Tag Archives: What bird is this?

Body plans and shapes: identifying birds in flight!

Left to right: Osprey, Turkey Vulture, Adult Bald Eagle, Subadult Golden Eagle

We’re going to be counting Golden Eagles for the National Eagle Center and Hawkwatch International on January 21, so I decided to brush up on my knowledge. Understanding a species’ behavior, seasonality, and body plans can help you identify birds in flight. Bald and Golden Eagles, Turkey Vultures, and Ospreys Bald Eagles: Flat Soar | Driftless Area: Year Round | Favorite Food: Fish | Genus: Sea Eagles Bald eagles are built for soaring, with long broad wings, large wing slots,

It’s a bird! It’s a plane! No, it’s a buteo!

Red-Tailed Hawk, Credit Sophia Landis

It’s a bird! It’s a plane! No, it’s a buteo! But what is a buteo? Buteos are a scientific grouping of hawks characterized by broad wings, short tails, and an overall robust build, which combine to form a bird perfectly suited for soaring. Buteos will sometimes soar for great lengths of time together in large groups called kettles, particularly during periods of migration. Have you seen a buteo before? If you’ve seen a Red-tailed Hawk, then the answer is yes! The

What Bird is This? Snowy Owls on the Flyway!

January 6, 2022: Two snowy owls on the Flyway!

We were beyond thrilled to see Snowy Owls on the Flyway in early January. What are they doing here, so far from their arctic home? We think that their irruptions are linked to food availability and successful breeding. Snowy owls prey heavily on lemmings, a stocky, stump-tailed rodent that might be abundant one year and almost impossible to find the next. A good lemming year is usually an excellent year for snowy owl production, which means a lot of competition

Who Doesn’t Love Falcons?

A Peregrine Falcon

By Sophia Landis From millennia-old burial mounds of Native Americans to videogame protagonists like Captain Falcon, one thing is for sure: humans hold falcons in high regard. So what makes falcons so special? And how do you know if the bird you’re looking at is a falcon? This brief article will give you a few pointers on the falcon genus and help you specifically identify a few of the more widely spread species in North America. All photos in this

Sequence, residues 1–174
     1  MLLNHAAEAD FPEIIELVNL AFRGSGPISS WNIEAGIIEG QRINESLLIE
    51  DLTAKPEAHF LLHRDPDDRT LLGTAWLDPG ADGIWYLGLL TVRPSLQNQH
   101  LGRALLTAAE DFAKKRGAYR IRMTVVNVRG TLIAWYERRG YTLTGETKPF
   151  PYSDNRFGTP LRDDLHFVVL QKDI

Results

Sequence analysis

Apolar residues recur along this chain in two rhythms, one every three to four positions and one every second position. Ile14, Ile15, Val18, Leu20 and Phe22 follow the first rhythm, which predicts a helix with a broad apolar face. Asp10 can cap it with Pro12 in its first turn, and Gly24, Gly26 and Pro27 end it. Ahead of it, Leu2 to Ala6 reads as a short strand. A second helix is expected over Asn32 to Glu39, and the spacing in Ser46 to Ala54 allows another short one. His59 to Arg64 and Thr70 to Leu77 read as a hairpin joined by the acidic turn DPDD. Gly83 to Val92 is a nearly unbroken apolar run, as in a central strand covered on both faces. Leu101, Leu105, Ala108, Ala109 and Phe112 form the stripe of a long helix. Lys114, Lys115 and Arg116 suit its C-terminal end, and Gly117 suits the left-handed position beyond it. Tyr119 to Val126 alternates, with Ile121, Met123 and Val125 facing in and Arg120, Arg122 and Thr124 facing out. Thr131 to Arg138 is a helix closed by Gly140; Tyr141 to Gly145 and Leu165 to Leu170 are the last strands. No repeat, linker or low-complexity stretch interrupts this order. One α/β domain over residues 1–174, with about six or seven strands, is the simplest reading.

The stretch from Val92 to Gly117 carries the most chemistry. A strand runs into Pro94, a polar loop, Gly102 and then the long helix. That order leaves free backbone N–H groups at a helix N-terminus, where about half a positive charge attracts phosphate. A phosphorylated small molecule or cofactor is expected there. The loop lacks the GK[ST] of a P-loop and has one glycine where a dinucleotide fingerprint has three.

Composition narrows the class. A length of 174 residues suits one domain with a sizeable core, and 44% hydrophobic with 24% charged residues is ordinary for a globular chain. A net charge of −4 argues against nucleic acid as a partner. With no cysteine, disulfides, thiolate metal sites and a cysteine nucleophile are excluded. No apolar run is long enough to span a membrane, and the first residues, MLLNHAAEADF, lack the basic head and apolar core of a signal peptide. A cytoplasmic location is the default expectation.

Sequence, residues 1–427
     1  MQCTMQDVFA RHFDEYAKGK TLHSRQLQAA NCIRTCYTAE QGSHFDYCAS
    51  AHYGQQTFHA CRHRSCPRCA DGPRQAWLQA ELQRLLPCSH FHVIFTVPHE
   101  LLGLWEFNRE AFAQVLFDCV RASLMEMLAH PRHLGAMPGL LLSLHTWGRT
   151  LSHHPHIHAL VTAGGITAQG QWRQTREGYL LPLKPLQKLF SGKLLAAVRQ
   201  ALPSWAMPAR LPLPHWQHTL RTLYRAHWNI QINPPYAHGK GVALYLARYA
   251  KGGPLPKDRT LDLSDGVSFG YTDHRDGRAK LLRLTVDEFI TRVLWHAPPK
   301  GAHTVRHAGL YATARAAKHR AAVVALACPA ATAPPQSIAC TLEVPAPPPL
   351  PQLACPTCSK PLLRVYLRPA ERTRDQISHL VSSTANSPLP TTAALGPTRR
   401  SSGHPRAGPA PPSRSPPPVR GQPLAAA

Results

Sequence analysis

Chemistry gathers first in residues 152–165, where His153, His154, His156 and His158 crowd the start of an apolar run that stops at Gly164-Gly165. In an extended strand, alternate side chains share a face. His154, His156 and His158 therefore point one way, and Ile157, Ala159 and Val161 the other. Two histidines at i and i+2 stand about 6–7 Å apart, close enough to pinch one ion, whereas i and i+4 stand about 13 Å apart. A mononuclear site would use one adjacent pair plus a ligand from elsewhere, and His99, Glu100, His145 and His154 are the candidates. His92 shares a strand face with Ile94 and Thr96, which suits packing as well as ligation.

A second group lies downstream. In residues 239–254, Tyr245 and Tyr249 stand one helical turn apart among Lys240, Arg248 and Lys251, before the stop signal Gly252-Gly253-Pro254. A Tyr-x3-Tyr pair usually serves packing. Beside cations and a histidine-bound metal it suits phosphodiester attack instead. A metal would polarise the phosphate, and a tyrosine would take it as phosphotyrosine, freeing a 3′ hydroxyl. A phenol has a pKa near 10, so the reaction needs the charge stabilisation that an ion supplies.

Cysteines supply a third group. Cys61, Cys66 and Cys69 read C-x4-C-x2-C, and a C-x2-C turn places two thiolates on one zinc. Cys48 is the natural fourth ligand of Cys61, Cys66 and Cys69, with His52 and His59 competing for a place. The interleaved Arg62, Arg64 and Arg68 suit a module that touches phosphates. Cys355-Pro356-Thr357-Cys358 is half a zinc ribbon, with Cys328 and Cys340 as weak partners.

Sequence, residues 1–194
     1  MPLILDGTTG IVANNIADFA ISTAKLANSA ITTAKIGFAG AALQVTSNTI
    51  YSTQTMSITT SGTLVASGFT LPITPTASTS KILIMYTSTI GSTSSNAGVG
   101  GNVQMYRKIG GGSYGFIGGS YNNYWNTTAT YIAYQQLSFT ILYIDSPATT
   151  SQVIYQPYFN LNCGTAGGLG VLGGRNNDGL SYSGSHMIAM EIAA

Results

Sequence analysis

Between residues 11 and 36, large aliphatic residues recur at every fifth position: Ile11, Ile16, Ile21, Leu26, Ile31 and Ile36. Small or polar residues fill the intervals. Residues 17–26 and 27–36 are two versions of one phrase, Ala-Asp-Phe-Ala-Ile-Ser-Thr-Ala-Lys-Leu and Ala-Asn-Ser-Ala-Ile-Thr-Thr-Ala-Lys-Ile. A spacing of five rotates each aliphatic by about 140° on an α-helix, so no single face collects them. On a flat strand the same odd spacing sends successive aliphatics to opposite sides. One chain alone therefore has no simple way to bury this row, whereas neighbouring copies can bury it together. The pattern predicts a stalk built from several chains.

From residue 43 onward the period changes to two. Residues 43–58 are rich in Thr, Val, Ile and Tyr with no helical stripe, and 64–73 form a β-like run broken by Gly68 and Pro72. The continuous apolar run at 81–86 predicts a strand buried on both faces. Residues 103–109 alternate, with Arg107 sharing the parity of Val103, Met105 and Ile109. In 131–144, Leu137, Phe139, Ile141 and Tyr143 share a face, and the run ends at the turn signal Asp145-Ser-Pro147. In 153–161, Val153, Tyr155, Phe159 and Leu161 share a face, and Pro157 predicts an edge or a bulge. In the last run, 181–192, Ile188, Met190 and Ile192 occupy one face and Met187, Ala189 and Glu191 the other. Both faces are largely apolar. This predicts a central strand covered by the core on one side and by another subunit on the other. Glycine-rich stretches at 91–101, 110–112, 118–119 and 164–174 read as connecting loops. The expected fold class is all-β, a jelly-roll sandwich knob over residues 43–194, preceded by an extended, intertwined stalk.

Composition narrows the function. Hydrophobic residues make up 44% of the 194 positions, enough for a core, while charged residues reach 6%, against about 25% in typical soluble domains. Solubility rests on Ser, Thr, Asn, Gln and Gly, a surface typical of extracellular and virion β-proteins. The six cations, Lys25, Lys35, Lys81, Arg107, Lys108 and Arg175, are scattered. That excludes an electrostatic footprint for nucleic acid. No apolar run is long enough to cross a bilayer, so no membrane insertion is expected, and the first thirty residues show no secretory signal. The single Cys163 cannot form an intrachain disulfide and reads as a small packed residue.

What Bird Is This?

January 4, 2021: A Merlin at the North Nest

What bird is this? It’s a Merlin! This surprise visitor delighted watchers at Decorah North yesterday by perching, eating, preening, and showing off its yoga skills before flying away. According to most sources, North America is home to five falcon species. From largest to smallest, they stack up like this: Gyrfalcon Peregrine Falcon Prairie Falcon Merlin American Kestrel Like Peregrine falcons, Merlins feed primarily on other birds that they catch in the air, although they will also eat mammals, insects,

Raptor ID: Cooper’s Hawk or Sharp-shinned Hawk?

Image of an adult Cooper's Hawk

By Sophia Landis “Is this a Cooper’s Hawk or a Sharp-shinned Hawk?” This is one of the most frequently asked questions when it comes to raptor ID – and for good reason! Cooper’s Hawks, Sharp-shinned Hawks, and the rarer Northern Goshawk make up North America’s share of the accipiter genus.  Before we get into the nitty gritty of how to ID these species separately, let’s take a look at what they all have in common. Accipiter Build and Behavior Unlike

What is that bird? A Trumpeter Swan!

October 16, 2020: Trumpeter Swan

What is that bird? It is a Trumpeter Swan! Our eagle-eyed camera operators found it yesterday on our Mississippi Flyway cam and we went to ornithologist Tom Prestby for an expert opinion. So how we tell a Trumpeter Swan from the far more common Tundra Swan? Behavior. Our first clue that we were seeing something a little different? There were only two swans. Tundra swans tend to travel in flocks – like snow, a blizzard of white from the north!

What is that bird? It’s a black-bellied whistling duck!

Black-Bellied Whistling Duck on the Flyway Cam in Lake Onalaska/Pool Seven of the Mississippi River

We spotted a black-bellied whistling duck on our Flyway Cam on Monday, August 10th! They are cavity nesters who usually form gregarious flocks of up to 1000 birds, although this one was alone. It was also far, far out of its usual range. E-Bird shows just a handful of sightings in Wisconsin! The Flyway cam is getting busy now and we are seeing a lot of great species. You can watch that cam (and chat!) here: https://www.raptorresource.org/birdcams/flyway-cam/. Click the images

What bird is this?

August 17, 2019: American Avocet

What bird is this? https://youtu.be/VtOI3-WkTQQ. It’s an American Avocet! This surprise visitor showed up on the Flyway Cam this morning and back in July. When we first started looking into it, I thought it was an eastern bird moving west. But I was wrong! According to Birds of North America: “American Avocets specialize in using ephemeral wetlands of the arid western United States, and are iconic symbols and effective indicators of environmental stressors within western wetlands. Wide-ranging among seasons, Avocet